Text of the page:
J.B. Pollard (WWII pic)

My Grandpa in 1944

Nightfall is once more preparing to enshroud Assam in its blanket of pitch darkness. An American soldier sits alone in his tent on the edge of his canvas cot, his heavy G-I shoes unlaced to cool his burning feet, a cigarette smoldering listlessly between his fingers.

He gazes out at the lengthening shadows in the nearby jungle. He listens to the weird cry of the small jungle wild life – and the insects. He becomes aware of the steady purr of the diesel generators which run constantly day and night supplying power for the small garrison.

Outside he hears the crunch of the guard’s boots on the gravel path as he starts his first tour of duty around the area on his long night vigil keeping his sleeping buddies from harm.

He hears the steady drone of jeeps and trucks racing back and forth on the nearby Stillwell Road. A G-I in a nearby tent is strumming a guitar and singing Western songs softly, while another next door makes a feeble attempt to blow some jazz out of a squeaky clarinet.

The generator coughs and sputters, then catches again and continues on and on with its steady rhythm.

The soldier’s eye falls to on a picture of his family, of which he has been thinking. The children’s locks of hair are in the little frame. He looks closely at it, then back at the picture. He wipes the mold from the leather frame and replaces the picture in its spot on the crude rough cupboard he has made. He continues to look at his pretty young wife and sees many things – First, the woman he is so deeply in love with. His mind flashes quickly back over the few preceding years and he is doubly homesick. He also sees the mother of his children – the financial wizard who makes ends meet somehow on a meager monthly sum. He sees the wonderful cook, who in happier days planned and prepared his menus. He sees many things in that wonderful wife. In his children he sees the happiness of days past and in those to come.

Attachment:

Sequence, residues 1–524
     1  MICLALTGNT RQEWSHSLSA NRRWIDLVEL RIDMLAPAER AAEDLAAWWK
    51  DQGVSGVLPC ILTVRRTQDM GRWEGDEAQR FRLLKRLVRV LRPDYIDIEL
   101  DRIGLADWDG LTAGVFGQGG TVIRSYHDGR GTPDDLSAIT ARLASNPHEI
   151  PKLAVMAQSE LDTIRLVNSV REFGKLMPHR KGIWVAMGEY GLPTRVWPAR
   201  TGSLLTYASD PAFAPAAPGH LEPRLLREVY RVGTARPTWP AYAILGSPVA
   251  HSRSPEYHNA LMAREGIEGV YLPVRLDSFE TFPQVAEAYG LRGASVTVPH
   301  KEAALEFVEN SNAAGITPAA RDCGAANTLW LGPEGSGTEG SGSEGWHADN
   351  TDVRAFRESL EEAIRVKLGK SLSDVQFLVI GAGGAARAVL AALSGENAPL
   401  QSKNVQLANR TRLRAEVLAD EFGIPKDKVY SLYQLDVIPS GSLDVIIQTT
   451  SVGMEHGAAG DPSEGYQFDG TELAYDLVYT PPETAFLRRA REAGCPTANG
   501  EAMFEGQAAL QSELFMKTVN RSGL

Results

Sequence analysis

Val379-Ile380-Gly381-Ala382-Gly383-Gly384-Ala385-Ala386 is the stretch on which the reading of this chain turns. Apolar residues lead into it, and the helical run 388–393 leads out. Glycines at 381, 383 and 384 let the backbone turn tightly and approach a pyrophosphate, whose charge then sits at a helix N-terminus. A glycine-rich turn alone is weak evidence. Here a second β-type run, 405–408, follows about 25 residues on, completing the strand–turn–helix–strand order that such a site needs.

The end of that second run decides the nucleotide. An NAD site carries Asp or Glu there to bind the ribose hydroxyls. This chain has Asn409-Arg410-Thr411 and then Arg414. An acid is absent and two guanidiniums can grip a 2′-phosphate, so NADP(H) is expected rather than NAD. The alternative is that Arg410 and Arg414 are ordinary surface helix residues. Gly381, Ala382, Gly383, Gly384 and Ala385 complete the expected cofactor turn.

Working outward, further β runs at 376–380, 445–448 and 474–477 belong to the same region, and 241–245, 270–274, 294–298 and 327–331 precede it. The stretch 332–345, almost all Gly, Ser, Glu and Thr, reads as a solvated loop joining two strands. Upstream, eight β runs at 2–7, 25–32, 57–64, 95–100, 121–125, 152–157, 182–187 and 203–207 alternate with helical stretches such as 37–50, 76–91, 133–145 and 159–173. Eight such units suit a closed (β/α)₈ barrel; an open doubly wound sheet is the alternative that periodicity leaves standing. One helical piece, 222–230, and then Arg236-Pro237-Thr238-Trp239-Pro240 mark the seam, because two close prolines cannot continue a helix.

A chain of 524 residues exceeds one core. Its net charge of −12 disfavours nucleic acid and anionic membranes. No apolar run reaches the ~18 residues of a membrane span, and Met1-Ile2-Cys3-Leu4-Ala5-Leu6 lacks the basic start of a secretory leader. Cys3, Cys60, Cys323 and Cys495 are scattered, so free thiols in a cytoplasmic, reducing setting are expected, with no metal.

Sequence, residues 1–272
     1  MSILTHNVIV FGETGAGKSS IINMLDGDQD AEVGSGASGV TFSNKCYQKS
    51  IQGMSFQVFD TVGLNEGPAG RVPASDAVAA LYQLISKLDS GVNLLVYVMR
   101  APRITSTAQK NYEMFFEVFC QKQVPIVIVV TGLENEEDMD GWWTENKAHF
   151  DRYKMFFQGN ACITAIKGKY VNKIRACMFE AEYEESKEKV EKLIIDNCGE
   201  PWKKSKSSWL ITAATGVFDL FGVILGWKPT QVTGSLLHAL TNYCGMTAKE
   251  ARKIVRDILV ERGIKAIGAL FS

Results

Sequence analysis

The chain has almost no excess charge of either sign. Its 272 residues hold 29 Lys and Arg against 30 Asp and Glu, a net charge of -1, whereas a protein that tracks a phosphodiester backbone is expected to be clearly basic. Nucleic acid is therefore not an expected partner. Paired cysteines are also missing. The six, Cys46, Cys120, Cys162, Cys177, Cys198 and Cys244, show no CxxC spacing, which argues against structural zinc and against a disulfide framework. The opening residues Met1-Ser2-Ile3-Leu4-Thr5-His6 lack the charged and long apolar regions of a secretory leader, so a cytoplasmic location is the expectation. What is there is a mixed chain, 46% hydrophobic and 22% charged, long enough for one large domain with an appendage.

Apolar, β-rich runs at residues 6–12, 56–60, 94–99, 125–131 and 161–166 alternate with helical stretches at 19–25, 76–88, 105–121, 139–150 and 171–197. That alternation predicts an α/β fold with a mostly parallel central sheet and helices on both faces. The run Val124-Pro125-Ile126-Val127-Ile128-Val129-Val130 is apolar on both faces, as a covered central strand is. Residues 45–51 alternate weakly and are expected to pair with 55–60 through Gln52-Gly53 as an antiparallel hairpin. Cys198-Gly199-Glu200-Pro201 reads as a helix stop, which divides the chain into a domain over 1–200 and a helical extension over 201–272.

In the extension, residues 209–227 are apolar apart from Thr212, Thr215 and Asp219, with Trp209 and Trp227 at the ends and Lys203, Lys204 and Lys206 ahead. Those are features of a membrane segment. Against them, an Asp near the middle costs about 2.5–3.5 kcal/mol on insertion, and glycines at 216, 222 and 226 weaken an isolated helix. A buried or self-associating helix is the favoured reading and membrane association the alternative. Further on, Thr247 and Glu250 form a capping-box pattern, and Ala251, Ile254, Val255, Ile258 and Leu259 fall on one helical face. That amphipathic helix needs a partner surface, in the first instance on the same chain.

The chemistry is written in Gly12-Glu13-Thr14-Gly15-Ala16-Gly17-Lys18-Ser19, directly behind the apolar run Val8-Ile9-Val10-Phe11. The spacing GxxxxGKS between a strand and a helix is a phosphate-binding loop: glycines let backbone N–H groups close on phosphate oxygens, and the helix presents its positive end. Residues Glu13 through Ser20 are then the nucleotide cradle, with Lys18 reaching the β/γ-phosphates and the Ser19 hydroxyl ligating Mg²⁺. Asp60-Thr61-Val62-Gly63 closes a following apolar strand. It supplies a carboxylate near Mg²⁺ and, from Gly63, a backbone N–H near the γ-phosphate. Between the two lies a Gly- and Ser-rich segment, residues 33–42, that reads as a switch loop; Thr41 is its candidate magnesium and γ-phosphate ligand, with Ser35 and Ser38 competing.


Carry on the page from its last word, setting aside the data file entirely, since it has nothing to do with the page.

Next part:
The tent door slams and the Sergeant from Tennessee appears, whistling loudly, “Flying Home.” He reaches over the rough table, snaps on the light and suddenly becomes quiet. His happy mood has been killed by the sullen expression on his friend’s face.

“What’s the matter ‘J.B.’ . . .  homesick?”

A dull reply of “Yeah. . . “ and the cigarette is ground into the concrete floor. For a moment, silence, except for the sounds of nature – and the machinery.

The Sergeant breaks the spell again, “Let’s get out of this rat trap, wander over the day-room and I’ll beat the pants off you in ping-pong.”

The door slams – the two men walk down the narrow path together, staring into the black jungle ahead. Neither man speaks. . .they are thinking. . .

It is nighttime in Assam.  . . .